Oddsmaker quandary: NHL injury secrecy
Prior to the second game of the 2022 first-round Stanley Cup playoff series against the Boston Bruins, the Carolina Hurricanes goalie Frederik Andersen had not played in more than two weeks, absent with what the Hurricanes termed a lower-body injury. He remained a “game-time decision,” Coach Rod Brind’Amour said, even though reporters deduced that backup Antti Raanta would likely play after the morning skate. Raanta left the game early that night after a collision with another player. Brind’Amour said afterward that Raanta had an upper-body injury and offered no comment as to when he might be able to play again.
Even during the regular season, specific injury information is difficult to obtain. For example, the Vegas Golden Knights lost over 500 man-games to injuries, among the highest in the league. As a result, they missed the playoffs for the first time in their five-year history. Nevertheless, injuries all season long were generally described as “upper-body,” “lower-body,” “being evaluated,” and other opaque terms.
In recent years, the NHL’s outlook toward injuries has been cast differently — or, perhaps, kept in a different shade of dark. With sports leagues’ enthusiastic efforts to profit from recently-legalized sports betting throughout much of the United States, the NHL’s secretive approach to injury disclosure has made it an outlier. While other leagues maintain rules about disclosing injuries and punish noncompliant teams, the NHL still allows team officials to discuss injuries in vague terms.
This lack of transparency allows for the possibility that some bettors or oddsmakers could gain access to information the public does not have, skewing the market in the favor of various insiders. In a worst-case scenario, it could motivate players or other team employees to reveal injury status to bettors for personal gain.
“The NHL is on an island when it comes to injuries,” Westgate Las Vegas SuperBook Vice President Jay Kornegay said. “Being a bookmaker, transparency is the key. Either nobody knows or everybody knows. We get into sticky situations when only a select few know the true status of an injury.”
“To this point, our long-standing policy has not proven problematic,” NHL spokesperson John Dellapina recently wrote in an email. “There is no current consideration being given to amending the policy.”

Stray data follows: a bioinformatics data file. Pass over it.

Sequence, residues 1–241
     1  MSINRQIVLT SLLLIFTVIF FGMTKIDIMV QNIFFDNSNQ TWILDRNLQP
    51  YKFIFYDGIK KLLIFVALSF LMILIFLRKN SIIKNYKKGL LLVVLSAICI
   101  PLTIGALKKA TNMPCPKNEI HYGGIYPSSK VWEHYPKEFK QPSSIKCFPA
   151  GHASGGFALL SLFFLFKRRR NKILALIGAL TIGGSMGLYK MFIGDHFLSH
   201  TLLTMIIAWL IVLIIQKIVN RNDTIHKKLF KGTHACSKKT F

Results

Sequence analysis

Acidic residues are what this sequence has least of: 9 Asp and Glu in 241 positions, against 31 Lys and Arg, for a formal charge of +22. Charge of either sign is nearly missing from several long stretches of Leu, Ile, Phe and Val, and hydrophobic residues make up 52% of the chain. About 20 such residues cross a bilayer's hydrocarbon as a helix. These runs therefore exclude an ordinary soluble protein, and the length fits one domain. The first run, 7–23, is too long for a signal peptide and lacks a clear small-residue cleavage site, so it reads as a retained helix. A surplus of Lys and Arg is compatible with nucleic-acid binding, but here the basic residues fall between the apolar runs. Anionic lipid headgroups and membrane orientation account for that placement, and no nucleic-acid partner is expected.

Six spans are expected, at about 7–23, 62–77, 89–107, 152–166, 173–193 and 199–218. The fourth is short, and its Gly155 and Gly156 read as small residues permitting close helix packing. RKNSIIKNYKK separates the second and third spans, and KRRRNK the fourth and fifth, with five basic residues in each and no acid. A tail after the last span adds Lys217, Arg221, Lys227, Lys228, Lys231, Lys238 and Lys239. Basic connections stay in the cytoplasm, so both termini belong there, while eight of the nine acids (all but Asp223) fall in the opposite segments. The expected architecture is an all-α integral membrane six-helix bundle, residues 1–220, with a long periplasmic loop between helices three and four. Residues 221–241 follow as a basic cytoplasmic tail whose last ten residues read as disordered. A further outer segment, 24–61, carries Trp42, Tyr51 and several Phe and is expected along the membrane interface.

The practice has long annoyed bookmakers, who rely on publicly-shared information to help in setting lines. The NFL’s injury-disclosure policy was adopted with the aim of creating a level playing field for bettors.
Even with widespread legal betting from which it gains financial benefits, the NHL has stuck to its approach. But some sportsbook operators expect that to change.
“We’d like them to be a little more transparent, and hopefully we’ll get there,” said Johnny Avello, a DraftKings executive and longtime Las Vegas bookmaker. “If you go back a few years, the NHL wanted nothing to do with us sportsbook operators. Now we’ve certainly bridged that gap a bit. I look for things to improve as far as that’s concerned. It would be nice if the league would send us those things.”
Bookmakers have seen over the years that even if teams can successfully hide injuries from the public and their opponents, somebody may still find out. If Kornegay’s book takes action from a bettor with a reputation as a sharp bettor on a game involving a player with an unknown status, Kornegay might presume that the bettor found out something about the player’s well-being and will adjust the line accordingly for additional bets.
“If a well-respected [bettor] was to bet into a line — doesn’t matter what sport — and there is a player that might be questionable, if he bets one side or the other, that sends up a red flag to us that he’s probably betting based off the latest injury news,” Kornegay said. “How they get that, I don’t know. But it’s a game we play every day with some of the more educated [bettors].”
Some sharps, Kornegay said, bet on perceived edges in information. “It’s just what we have to deal with being a bookmaker,” Kornegay said. “The NHL is a little more frustrating because you just can’t find out the information. We just have to really base it off the type of play that we see coming in on that particular game. We might not know until the scratches are announced that a particular player is out. But if we already took the so-called sharp action against that guy playing, we have a pretty good idea that the star player is not going to play or might be very limited.”
“It would be nice if everybody out there knew who’s playing so that they could make a rational decision on who they’re going to bet,” Avello said.
Washington Capitals owner Ted Leonsis has long promoted the legalization of sports betting, repeatedly calling it a data-driven form of entertainment that gives fans a chance to gain from their knowledge. He said, “Gambling is no different than betting on stocks on Wall Street, right? The people who do best are the most informed.”
The upside to the NHL’s policy, Kornegay said, is that only the absence of a major star would alter the line on a single game. The absence of a superstar such as Nathan MacKinnon or Connor McDavid could move a line, Kornegay said.
“We still don’t know a whole lot,” Avello said. “I’m not going to hold a gun to their head and say they should be giving it to us. I would hope that over time this relationship strengthens and we’re able to get the information that we need.”
“Injury secrecy is an NHL tradition — and a dilemma for bookmakers” , Adam Kilgore, washingtonpost.com, May 9, 2022.